As a result, in a scenario where education as a whole is set to suffer for the near future, hence it is certain that the focus of the society, the governments as well as NGOs is likely to be on restoring education for the children and youth first. The adult literacy is almost certain to be given a back seat, and perhaps justifiably.

And while there are some reports on impact on the education of the youth and children and many more studies are being conducted, the issue of adult literacy has gone unnoticed and hence the hit that it may taken during the pandemic is also relatively hidden.

But some studies are being completed and the initial data from these is shocking, though hardly unexpected. The gap between the rich and poor countries is believed to have expanded. Exactly by how much would become clear when a report by UNESCO is released next week. Also, there has been enough anecdotal evidence and media reports on the impact of pandemic on rural and indigenous populations as well as people with disabilities who have been hit much harder than others.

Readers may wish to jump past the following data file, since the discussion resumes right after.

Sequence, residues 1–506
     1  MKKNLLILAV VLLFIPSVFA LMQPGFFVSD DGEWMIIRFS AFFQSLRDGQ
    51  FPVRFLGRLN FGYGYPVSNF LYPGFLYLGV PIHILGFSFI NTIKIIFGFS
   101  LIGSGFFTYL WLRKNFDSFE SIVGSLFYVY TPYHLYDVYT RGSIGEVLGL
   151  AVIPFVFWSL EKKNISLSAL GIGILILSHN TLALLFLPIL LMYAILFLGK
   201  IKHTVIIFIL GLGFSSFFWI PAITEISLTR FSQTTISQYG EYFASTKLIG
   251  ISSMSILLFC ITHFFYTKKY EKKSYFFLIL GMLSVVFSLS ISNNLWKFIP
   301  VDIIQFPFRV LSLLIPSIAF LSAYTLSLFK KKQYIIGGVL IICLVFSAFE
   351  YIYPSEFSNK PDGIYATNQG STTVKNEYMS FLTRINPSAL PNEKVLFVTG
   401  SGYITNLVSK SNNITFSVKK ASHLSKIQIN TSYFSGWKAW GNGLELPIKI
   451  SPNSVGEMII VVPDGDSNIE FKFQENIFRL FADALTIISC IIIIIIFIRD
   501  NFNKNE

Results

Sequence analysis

Overall, two things were clear even before the pandemic. UNESCO had warned in its last report that even in terms of youth literacy rate, the world would miss its SDG target as only 94 pc of youth likely to be literate by 2030 and this figure declines to 90 pc for the adults. Once again, the figure is scarier for the low-income nations where less than 70 pc of adults and slightly more than 80 pc of youth aged 15 to 24 years are projected to have basic literacy skills by 2030. Exactly by how more will this target be missed is a conjecture right now, but hundreds of millions of adults are likely to remain outside education in 2030, and perhaps forever.